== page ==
Good Shepherd Matriculation Higher Secondary
The Congregation of Our Lady of Charity of the Good Shepherd, well known as Religious of the Good Shepherd was founded in France in 1835 by St. Mary Euphrasia Pelletier. She was born on 31st July, 1796 in France. She was gifted with a deep love for humanity and socially marginalized young girls and women. By the time of her death on 24th April 1868, she had founded 110 convents across the world, including one in India in 1854.
At present, Good Shepherd mission partners (sisters and partnersin-mission) are working in 74 countries for the empowerment of girls and women, especially who are at high risk, thereby bringing healing and reconciliation. The Congregation is affiliated to the United Nations as a not-for-profit organization in special consultative status with ECOSOC.
The mission in India was established on 14th August 1854 through education, health and homes for the disadvantaged children and young girls. Later, it was expanded to the rural areas to promote the rights and the development of Tribal, Dalit and other backward communities including women and children, victims of violence, abuse, discrimination and neglect.
The ministries addressed the following themes: Girl Child, Economic Justice, Anti-Human Trafficking, Safe Migration, Holistic Health, Formal and Non-Formal Education and Integral Ecology, with our interventions based on rights-based approach. We also have our presence in Nepal since 1998.
For 159 years, Sisters of the Good Shepherd in India functioned as one province as Province of India/Nepal. In order to be more effective in our ministries and for easy administration, the Province of India/Nepal bifurcated in November 2013 into two new provinces namely, Province of South-West India and Province of Central East India/Nepal.
The province of Central East India/Nepal (CEIN) has it’s Provincialate in Nagpur. The Sisters of the Good Shepherd CEIN are present in 8 states in India, both in rural and urban areas: Tamil Nadu, Andhra Pradesh, Telengana, Madhya Pradesh, Maharashtra, Jharkhand, Goa and Assam apart from Nepal.
Prepare Generation – Z to lead transformational change from ego system awareness to eco system awareness and for responsible universal citizenship.
Education according to St. Mary Euphrasia is to develop to the fullest all that is best in the human personality psychologically, physically, intellectually, socially, aesthetically and spiritually. The province of Good Shepherd CEIN has developed a strategic plan which will help us fulfil our goal together as we strive for transformation.
Education should be experiential and holistic, preparing young minds to be socially and environmentally conscious to respond to the pressing current realities and prepare to become warriors of intergenerational change.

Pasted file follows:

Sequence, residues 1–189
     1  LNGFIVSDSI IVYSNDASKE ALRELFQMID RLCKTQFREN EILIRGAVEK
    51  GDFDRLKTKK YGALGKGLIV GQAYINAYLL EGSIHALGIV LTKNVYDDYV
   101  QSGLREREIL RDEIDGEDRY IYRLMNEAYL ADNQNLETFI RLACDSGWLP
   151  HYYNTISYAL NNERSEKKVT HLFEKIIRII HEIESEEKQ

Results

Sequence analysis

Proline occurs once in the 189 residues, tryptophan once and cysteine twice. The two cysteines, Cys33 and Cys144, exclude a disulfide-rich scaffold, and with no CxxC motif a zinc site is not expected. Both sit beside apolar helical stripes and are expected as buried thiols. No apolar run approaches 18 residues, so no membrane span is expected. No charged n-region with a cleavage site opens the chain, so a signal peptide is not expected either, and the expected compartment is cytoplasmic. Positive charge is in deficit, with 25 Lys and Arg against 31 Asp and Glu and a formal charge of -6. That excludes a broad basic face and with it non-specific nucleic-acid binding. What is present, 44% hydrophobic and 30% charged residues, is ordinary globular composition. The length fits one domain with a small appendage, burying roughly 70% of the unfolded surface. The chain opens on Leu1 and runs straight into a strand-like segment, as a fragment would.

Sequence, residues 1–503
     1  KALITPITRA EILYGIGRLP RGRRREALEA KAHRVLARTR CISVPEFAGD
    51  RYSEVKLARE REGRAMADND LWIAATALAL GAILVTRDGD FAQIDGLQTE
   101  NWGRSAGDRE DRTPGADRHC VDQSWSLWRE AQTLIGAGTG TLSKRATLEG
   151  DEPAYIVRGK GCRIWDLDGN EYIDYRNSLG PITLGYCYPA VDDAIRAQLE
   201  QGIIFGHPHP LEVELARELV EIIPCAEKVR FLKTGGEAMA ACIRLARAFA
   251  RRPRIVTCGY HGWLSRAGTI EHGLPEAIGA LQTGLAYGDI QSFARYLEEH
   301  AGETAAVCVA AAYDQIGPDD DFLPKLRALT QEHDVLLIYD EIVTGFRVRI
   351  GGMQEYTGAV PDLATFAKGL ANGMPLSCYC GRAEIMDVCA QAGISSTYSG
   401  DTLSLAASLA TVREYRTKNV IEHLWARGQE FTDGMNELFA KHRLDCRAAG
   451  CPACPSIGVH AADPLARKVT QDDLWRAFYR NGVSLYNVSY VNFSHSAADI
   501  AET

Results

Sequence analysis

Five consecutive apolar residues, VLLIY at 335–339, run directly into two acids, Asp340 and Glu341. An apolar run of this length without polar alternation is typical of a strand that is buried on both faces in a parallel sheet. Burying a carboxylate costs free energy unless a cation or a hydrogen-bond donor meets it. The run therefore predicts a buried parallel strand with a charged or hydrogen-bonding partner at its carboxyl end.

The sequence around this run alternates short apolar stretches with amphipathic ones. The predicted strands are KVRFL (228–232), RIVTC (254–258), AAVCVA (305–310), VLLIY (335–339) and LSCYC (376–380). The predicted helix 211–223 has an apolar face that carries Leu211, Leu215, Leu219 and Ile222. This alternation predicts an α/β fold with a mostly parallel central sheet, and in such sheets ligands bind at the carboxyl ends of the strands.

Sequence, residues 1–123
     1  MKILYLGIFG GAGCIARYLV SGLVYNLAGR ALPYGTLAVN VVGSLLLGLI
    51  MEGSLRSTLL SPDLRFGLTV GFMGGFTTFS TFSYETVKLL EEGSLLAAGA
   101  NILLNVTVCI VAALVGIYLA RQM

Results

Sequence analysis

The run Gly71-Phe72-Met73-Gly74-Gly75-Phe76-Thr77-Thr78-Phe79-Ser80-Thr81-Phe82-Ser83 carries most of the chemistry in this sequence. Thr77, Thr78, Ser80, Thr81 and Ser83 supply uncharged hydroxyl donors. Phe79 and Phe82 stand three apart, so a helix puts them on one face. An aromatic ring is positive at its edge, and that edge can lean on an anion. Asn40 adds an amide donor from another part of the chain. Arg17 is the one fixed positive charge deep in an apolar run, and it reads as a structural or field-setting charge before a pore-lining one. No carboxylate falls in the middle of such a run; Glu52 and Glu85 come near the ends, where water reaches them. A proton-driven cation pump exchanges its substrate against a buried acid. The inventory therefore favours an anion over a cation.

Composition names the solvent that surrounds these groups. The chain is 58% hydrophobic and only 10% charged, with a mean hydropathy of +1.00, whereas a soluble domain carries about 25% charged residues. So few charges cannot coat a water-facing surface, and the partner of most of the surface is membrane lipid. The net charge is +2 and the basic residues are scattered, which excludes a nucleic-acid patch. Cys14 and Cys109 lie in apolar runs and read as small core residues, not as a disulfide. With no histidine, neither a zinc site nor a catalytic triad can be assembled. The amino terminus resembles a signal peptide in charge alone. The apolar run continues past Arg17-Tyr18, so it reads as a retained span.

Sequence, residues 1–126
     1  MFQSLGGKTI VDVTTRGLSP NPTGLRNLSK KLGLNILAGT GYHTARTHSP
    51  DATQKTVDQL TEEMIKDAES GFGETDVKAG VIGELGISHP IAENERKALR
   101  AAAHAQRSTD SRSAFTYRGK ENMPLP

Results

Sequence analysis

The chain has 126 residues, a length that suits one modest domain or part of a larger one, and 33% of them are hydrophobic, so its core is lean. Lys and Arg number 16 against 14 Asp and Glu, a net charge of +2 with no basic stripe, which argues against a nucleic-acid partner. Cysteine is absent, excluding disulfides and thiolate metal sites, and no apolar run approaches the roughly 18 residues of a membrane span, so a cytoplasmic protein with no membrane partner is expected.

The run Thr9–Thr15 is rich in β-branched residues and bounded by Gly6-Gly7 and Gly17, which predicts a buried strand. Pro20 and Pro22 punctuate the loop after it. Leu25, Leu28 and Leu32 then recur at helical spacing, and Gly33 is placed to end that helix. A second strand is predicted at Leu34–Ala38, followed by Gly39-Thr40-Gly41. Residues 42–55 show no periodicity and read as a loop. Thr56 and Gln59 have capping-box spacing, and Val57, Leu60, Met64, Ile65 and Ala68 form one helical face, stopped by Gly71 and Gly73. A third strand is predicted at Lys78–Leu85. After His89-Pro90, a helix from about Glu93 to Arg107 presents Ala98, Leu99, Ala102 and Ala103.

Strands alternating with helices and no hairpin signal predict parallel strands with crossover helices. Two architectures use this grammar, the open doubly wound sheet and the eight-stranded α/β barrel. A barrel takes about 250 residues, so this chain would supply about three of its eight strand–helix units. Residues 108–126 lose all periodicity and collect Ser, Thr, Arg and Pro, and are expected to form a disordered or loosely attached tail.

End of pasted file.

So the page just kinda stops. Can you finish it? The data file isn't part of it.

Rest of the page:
Initiate: Shift from traditional learning style to eco-centric experiential learning. Create opportunities and safe spaces for exploring curiosity and creativity.
Innovate: Bridge the digital gender divide by use of digital technology and tools. Cultivate generative social fields.
Integrate: Engage the body, mind and soul by involvement of the whole person to analyze, assimilate and act justly. Build a culture of eco-warriors who care for selves, society and the common home.
IMPACT: Well- equipped centres of transformation, offering opportunities for young persons to be God-centred, justice - oriented and integrated citizens, contributing to the wellbeing of the human family.
OUTCOME: Gen-Z education for socially and ecologically responsible citizens.
Honouring the vision of our mother foundress St. Mary Euphrasia, the two schools – one in Chennai, Tamil Nadu (1925) and another in Karjat, Maharashtra (2003) continue to respond relevantly to the signs of time, educating and equipping students to be humane humans.
The institutions owned and managed by the Our Lady of Charity of the Good Shepherd come under the category of Christian Religious Minority Institutions established and administered within the scope and ambit of the safeguards of the Articles 29 and 30 of the Indian Constitution with the right to establish and administer Educational Institutions of their choice.
Our schools are primarily for Catholics and thereafter for other communities, irrespective of religion, race, caste and language. They are therefore MINORITY EDUCATIONAL INSTITUTIONS within the meaning of Article 30 of the Constitution of India. We promote education according to the Christian ideals.